Mr. Sutcliffe: We set out our plans for the probation service in Working with probation to protect the public and reduce re-offending which was published on 30 March. We will introduce the necessary legislation as soon as parliamentary time allows.
David Davis: To ask the Secretary of State for the Home Department what steps he has taken since the publication of the report on investigations into allegations about the Public Enquiry Office in Croydon to find out the views of asylum applicants on the allegations made by Mr. Pamnani. 
David Davis: To ask the Secretary of State for the Home Department what guidance he issued to Mr. Tim Gbedemah concerning the persons from whom he should take evidence during the investigation into allegations about the Public Enquiry Office in Croydon. 
John Reid: I am advised that Mr. Gbedemah's terms of reference are set out at paragraph two of his report. No specific guidance was given to Mr. Gbedemah as to whom he should and should not interview.
David Davis: To ask the Secretary of State for the Home Department what plans he has to introduce a new code of conduct for PEO staff; when he will publish it; what (a) training and (b) guidance has been given to PEO staff on the new code; to what extent the Immigration and Nationality Directorates Security and Anti-Corruption Unit is delivering the training; and what guidance the code will contain on non-work related contact with applicants. 
John Reid: The recent investigation into events at the PEO, carried out by David Stephens and Tim Gbedemah, made a number of recommendations, including that consideration be given to putting in place a code of conduct for PEO staff.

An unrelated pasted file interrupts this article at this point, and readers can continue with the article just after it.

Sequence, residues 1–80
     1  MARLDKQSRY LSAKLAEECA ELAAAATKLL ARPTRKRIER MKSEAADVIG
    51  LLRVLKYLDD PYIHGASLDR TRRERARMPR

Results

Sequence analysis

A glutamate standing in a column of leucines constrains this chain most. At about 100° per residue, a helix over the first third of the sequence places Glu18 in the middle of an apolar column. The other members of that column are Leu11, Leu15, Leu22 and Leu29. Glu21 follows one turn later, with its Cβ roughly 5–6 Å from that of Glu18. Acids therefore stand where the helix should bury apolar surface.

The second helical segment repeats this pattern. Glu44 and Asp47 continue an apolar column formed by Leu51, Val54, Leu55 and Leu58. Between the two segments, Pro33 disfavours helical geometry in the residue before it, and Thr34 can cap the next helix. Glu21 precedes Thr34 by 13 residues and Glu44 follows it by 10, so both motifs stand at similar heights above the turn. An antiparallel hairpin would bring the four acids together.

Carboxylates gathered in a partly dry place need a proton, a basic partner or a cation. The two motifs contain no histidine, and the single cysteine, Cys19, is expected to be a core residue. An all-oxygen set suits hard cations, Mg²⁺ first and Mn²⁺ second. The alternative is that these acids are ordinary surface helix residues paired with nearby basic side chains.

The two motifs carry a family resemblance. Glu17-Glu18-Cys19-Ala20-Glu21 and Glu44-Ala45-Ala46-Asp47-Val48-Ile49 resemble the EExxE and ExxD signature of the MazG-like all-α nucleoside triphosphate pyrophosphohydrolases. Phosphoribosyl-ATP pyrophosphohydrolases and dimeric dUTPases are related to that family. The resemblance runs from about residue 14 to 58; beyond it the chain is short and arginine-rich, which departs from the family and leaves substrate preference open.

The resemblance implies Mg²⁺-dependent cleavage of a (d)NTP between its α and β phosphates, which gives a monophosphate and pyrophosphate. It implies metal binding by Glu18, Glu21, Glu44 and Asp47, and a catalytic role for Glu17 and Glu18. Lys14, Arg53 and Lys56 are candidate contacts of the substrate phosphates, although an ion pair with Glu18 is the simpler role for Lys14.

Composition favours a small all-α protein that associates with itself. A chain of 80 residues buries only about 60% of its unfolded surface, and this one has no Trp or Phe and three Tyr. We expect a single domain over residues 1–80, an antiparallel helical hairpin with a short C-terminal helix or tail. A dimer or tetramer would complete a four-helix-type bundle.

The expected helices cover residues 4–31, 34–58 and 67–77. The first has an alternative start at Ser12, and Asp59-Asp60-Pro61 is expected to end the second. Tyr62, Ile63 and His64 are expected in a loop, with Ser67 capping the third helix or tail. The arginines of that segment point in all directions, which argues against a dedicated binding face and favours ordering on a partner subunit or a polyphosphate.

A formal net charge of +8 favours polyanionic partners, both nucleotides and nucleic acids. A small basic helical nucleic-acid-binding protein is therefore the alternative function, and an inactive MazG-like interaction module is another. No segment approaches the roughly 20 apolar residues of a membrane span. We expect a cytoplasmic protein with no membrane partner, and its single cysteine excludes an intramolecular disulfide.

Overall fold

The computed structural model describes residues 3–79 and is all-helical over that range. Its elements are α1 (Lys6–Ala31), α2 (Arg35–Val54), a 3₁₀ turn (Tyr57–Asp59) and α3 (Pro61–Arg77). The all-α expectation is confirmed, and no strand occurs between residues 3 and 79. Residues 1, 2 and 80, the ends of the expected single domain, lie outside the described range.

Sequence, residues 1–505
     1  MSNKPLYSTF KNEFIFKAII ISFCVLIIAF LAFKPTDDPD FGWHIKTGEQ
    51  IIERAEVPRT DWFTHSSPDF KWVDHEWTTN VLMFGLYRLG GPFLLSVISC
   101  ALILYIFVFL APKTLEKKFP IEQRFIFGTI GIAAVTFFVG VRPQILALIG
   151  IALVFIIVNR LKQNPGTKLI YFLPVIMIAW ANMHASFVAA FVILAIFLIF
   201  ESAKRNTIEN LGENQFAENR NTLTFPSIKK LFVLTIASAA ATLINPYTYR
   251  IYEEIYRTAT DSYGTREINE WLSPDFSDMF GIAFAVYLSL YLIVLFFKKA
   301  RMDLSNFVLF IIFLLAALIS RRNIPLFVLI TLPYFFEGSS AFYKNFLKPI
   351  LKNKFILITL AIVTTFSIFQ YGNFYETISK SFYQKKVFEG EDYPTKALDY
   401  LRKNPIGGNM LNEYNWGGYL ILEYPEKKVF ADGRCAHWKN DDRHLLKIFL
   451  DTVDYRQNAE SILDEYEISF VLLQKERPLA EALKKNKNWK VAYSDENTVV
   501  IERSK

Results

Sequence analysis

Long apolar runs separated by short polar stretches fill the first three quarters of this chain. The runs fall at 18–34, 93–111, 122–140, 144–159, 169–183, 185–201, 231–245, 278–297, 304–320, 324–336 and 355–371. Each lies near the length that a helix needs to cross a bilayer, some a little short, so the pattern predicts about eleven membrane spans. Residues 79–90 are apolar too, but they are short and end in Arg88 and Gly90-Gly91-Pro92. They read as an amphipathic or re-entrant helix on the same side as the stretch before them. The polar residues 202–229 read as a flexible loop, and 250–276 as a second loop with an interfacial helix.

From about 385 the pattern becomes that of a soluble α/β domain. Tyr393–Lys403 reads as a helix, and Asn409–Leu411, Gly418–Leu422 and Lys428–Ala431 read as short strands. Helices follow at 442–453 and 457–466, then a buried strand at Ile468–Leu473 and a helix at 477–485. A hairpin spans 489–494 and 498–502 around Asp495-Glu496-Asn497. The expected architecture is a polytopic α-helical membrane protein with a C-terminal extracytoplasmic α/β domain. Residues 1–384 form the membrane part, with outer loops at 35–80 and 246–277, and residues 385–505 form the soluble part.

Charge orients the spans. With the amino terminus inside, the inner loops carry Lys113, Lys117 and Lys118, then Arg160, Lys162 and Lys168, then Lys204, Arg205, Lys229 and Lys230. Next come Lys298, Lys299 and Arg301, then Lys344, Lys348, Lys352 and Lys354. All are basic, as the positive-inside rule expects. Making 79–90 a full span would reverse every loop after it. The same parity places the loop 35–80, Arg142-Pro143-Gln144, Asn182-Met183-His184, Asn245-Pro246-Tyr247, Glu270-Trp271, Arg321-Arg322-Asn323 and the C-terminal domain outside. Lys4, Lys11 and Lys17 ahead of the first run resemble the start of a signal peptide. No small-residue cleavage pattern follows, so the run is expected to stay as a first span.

This recommendation was accepted, and is currently being acted upon. We hope to have a draft code of conduct available for consultation with staff in July. The document will contain guidance on non-work related contact with applicants. The detail is currently being developed.
Grant Shapps: To ask the Secretary of State for the Home Department how many (a) deaths, (b) serious incidents and (c) other accidents have been caused by persons driving while using hand-held mobile telephones since 1 December 2003, broken down by police force area. 
The information available relates to factors that are judged by the police as having contributed to a road accident in which someone was injured. The table shows the number of personal injury road accidents reported to the police in 2005 that have Driver using mobile phone assigned as a contributory factor, broken down by severity, as well as the resulting fatalities. This information is not available for earlier years.
|Fatalities in, and the number of, accidents where Driver using a mobile phone was reported as a contributory factor: 2005|
|Fatalities||Fatal accidents||Serious accidents||Slight accidents|